Reichswehreid

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The Reichswehreid and from August 1934 Führereid was the name for three different versions of the oath of allegiance of the German Armed Forces, called Reichswehr from 1919 to 1935, and then Wehrmacht until 1945.

1919–1933[edit]

The Original Reichswehreid came into effect on 14 August 1919, shortly after Reichspräsident Friedrich Ebert had signed the Weimar Constitution for the German Reich (the so-called Weimar Republic). The Treaty of Versailles limited the Reichswehr to a total of 100,000 men.

German English
Ich schwöre Treue der Reichsverfassung und gelobe, daß ich als tapferer Soldat das Deutsche Reich und seine gesetzmäßigen Einrichtungen jederzeit schützen, dem Reichspräsidenten und meinen Vorgesetzten Gehorsam leisten will. I swear loyalty to the Reich's constitution and pledge, that I as a courageous soldier always want to protect the German Reich and its legal institutions, (and) be obedient to the Reichspräsident and to my superiors.

1933–1934[edit]

In January 1933, Adolf Hitler was appointed Reichskanzler and the Enabling Act and Gleichschaltung came in effect. As a result, a new wording was adopted on 1 December 1933:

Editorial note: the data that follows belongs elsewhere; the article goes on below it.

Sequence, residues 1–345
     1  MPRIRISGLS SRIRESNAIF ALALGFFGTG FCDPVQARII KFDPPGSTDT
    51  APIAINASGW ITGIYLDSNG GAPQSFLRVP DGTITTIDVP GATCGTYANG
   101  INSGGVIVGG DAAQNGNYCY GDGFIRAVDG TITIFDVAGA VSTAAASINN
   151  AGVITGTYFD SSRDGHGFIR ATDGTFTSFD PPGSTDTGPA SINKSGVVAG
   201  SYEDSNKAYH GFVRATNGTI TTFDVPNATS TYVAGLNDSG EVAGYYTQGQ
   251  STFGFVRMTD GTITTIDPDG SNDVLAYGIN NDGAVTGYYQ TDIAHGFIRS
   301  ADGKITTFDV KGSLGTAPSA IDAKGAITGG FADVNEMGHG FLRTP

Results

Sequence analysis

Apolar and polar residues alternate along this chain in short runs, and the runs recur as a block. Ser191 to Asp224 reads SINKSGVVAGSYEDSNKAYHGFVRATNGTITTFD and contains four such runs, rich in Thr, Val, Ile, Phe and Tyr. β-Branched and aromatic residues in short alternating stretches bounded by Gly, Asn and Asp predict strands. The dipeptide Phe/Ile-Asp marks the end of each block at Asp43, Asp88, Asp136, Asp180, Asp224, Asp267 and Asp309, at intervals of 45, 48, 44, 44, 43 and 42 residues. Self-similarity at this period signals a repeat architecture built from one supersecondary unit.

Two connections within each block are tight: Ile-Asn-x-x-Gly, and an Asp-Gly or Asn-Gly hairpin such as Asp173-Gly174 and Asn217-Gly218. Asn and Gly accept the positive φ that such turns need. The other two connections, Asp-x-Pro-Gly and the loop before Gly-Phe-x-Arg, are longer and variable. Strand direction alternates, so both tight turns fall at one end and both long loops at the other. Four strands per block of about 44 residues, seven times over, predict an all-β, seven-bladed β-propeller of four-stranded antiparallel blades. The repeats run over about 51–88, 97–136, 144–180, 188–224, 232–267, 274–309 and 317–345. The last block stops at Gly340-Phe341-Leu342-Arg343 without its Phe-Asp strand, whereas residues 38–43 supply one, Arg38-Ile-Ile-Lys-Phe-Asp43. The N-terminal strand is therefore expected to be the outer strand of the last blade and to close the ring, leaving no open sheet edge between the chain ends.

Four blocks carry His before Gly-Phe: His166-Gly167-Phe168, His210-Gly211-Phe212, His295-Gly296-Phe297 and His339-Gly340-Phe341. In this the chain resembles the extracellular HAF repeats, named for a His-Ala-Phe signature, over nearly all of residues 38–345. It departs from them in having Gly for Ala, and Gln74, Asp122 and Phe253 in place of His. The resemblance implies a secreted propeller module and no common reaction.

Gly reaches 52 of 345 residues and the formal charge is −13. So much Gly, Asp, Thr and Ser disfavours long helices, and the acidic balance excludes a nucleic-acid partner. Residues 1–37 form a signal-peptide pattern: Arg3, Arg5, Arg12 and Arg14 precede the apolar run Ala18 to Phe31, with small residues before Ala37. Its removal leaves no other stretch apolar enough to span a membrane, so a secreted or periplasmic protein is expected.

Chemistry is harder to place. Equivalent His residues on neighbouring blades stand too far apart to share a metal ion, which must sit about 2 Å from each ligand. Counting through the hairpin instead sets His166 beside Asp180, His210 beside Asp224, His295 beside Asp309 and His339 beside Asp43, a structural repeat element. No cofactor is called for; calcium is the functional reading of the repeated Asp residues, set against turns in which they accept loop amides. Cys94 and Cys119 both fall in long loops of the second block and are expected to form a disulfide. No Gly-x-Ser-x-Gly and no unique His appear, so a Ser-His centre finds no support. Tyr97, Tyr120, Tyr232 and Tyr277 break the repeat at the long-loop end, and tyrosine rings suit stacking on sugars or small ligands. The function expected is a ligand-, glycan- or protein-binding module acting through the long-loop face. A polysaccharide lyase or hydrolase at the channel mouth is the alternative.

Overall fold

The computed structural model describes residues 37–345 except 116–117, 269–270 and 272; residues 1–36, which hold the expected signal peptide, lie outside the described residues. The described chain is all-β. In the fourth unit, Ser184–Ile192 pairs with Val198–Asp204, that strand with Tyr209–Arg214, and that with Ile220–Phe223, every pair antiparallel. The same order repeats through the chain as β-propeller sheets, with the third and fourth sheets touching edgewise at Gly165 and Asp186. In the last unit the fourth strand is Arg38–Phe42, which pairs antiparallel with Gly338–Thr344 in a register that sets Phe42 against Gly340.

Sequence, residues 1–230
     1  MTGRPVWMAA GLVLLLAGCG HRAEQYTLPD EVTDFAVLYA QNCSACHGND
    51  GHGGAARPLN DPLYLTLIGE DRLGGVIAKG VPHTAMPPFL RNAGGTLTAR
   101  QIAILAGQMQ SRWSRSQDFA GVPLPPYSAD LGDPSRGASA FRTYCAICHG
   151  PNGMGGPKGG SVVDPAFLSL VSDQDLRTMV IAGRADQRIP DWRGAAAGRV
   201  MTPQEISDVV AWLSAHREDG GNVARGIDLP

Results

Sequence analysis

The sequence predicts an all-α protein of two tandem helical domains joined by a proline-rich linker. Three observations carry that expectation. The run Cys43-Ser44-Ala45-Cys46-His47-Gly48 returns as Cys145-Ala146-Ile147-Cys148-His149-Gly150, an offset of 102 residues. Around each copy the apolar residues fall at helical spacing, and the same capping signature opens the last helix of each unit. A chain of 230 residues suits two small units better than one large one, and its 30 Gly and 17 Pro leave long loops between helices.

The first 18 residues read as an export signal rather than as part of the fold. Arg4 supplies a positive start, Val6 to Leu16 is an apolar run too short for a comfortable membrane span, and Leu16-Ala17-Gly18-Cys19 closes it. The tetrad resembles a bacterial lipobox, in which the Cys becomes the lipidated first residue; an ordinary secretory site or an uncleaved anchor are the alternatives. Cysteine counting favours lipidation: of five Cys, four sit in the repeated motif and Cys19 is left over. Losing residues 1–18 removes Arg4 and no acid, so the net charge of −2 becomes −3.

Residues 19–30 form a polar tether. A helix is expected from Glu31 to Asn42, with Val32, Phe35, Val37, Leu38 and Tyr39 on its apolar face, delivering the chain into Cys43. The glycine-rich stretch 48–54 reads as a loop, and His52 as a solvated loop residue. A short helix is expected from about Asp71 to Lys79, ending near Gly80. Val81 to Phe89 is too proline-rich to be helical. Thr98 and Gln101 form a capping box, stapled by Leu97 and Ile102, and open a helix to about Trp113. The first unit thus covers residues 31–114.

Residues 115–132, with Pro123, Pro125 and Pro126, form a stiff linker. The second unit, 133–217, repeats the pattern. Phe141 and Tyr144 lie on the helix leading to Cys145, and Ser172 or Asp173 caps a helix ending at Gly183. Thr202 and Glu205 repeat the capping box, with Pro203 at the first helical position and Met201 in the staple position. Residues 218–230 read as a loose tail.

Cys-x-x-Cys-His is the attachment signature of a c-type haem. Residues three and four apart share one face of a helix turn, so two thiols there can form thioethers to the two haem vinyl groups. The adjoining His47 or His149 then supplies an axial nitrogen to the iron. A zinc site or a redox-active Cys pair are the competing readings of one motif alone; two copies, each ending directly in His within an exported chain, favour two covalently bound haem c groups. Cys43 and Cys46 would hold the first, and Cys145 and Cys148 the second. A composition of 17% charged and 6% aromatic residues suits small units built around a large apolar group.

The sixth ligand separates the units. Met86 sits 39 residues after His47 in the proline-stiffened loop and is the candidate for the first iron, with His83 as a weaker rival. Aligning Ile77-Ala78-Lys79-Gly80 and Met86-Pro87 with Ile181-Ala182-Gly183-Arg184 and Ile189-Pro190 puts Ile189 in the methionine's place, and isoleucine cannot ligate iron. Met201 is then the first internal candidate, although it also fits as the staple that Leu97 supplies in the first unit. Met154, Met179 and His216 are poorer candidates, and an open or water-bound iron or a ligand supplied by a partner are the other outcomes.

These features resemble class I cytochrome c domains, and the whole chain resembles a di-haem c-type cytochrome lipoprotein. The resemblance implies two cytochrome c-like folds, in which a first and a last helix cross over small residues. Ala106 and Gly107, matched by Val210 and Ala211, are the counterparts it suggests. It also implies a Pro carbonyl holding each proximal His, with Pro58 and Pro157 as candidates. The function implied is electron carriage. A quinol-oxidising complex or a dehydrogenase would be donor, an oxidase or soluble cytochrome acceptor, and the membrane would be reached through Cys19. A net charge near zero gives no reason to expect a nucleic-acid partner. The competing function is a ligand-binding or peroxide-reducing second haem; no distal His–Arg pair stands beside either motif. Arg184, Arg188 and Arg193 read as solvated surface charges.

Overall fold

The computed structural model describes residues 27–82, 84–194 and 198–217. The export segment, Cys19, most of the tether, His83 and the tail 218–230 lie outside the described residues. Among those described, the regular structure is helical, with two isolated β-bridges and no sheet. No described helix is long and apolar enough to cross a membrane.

German English
Ich schwöre bei Gott diesen heiligen Eid, daß ich meinem Volk und Vaterland allzeit treu und redlich dienen und als tapferer und gehorsamer Soldat bereit sein will, jederzeit für diesen Eid mein Leben einzusetzen. I swear by God this holy oath, that I want to ever loyally and sincerely serve my people and fatherland and be prepared as a brave and obedient soldier to risk my life for this oath at any time.

It has to be noted that all references to the constitution and the office of Reichspräsident, then held by aging war hero Paul von Hindenburg, had already been removed. Instead, more emphasis was put on religion and patriotism.

1934–1945[edit]

Main article: Hitler oath

In August 1934, after Hindenburg died, Hitler merged the offices of Reichsprasident and Reichskanzler, and declared himself Führer and Reichskanzler. War Minister Werner von Blomberg issued a new wording which became known as Führereid, the "Hitler oath":

German English
Ich schwöre bei Gott diesen heiligen Eid, daß ich dem Führer des Deutschen Reiches und Volkes, Adolf Hitler, dem Oberbefehlshaber der Wehrmacht, unbedingten Gehorsam leisten und als tapferer Soldat bereit sein will, jederzeit für diesen Eid mein Leben einzusetzen. I swear by God this holy oath, that I want to offer unconditional obedience to the Führer of the German Reich and people, Adolf Hitler, the commander-in-chief of the Wehrmacht, and be prepared as a brave soldier to risk my life for this oath at any time.

Now Volk and Fatherland had been superseded by the person of Hitler himself, who would be Führer and supreme commander. In addition, the obedience was now to be unconditional.

In 1935, the Reichswehr was renamed Wehrmacht.

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